London, Feb 3 : Running on the treadmill in the health club might be good for the body, but refuelling yourself in the club restaurant after the workout can make you emerge fatter than before, say nutritionists.
The health experts point out that some gyms in Britain are serving up too many stodgy meals packed full of fat, salt and sugar.
In the worst cases, according to their analysis, the calorie count of some lunches would take the equivalent of a half-day working out in the gym to burn off.
"In most places if you choose well you can eat healthily. But some gyms offer things that are really not healthy such as fries and foods dripping with cheese, which sends out a mixed message. It could undo all the good work people are trying to do when they go to the gym," The Scotsman quoted Carina Norris, a nutritionist at Queen Margaret University in Edinburgh, as saying.
One expert said that some gyms could be serving up unhealthy dishes to maximise profits.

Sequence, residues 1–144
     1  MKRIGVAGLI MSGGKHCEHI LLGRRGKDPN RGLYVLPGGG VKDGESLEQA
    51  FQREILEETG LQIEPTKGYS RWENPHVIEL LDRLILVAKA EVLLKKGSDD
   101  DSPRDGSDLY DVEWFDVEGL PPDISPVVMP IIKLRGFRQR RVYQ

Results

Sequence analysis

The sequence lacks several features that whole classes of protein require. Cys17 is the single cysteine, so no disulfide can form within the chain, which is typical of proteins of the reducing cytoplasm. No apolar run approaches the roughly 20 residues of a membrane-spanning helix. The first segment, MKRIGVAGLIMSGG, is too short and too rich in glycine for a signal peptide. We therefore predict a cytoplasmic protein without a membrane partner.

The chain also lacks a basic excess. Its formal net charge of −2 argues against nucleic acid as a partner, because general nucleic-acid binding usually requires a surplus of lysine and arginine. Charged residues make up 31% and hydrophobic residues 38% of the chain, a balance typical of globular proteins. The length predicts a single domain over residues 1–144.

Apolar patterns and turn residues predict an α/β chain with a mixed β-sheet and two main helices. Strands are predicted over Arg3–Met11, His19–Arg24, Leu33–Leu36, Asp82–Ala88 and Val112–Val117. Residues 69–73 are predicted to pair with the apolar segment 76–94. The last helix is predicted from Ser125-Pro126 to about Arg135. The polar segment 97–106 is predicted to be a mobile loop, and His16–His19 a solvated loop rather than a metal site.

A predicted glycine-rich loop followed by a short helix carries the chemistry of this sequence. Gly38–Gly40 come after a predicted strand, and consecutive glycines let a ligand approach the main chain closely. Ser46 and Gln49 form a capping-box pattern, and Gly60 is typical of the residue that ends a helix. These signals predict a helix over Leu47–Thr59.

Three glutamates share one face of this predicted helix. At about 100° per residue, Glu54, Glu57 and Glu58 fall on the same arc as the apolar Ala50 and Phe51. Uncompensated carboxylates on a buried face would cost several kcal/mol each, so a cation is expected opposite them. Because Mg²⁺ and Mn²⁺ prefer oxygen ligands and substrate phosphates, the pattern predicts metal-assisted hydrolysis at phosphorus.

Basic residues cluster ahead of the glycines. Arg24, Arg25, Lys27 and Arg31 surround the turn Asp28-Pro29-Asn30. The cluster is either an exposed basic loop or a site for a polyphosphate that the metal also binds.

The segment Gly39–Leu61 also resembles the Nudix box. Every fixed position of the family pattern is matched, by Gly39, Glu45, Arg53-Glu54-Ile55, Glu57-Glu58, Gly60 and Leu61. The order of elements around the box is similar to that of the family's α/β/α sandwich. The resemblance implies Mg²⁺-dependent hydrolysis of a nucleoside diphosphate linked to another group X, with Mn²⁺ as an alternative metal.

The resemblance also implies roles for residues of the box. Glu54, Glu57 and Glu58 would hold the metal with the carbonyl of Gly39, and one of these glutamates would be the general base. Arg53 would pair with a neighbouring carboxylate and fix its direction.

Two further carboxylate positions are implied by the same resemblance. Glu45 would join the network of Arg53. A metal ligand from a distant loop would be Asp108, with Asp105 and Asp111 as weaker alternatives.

Lorraine McCreary, a dietician who runs Bothwell-based practice Diet Scotland, said: "Higher quality foods are more expensive. It is certainly cheaper to produce food that is high in fat because fat is a flavour carrier. But that is not to say that a half-pound burger is going to be a bad choice. If it is a good quality, lean burger it would be good for those who want something with higher protein. But if it is a lean burger it probably would be labelled that way."
Caroline Toshack, a personal trainer and director of Living Breathing Fitness in Edinburgh, said that people often over-indulged as a reward for a gym workout.
"People tend to over-estimate how many calories they have burned in a workout and under-estimate how many calories they're eating," she said.
Gym owners, however, believe that it is important to provide different options to customers.
A spokesman for David Lloyd Leisure said: "Our aim is to encourage a healthy lifestyle whilst providing members with choice, whether they're after a family meal, a snack on the go or an occasional treat."
Some, however, believe that more could be done to help customers make better decisions.
A spokesman for Green's Brassiere said: "We are committed to helping people make informed choices and we need to do more."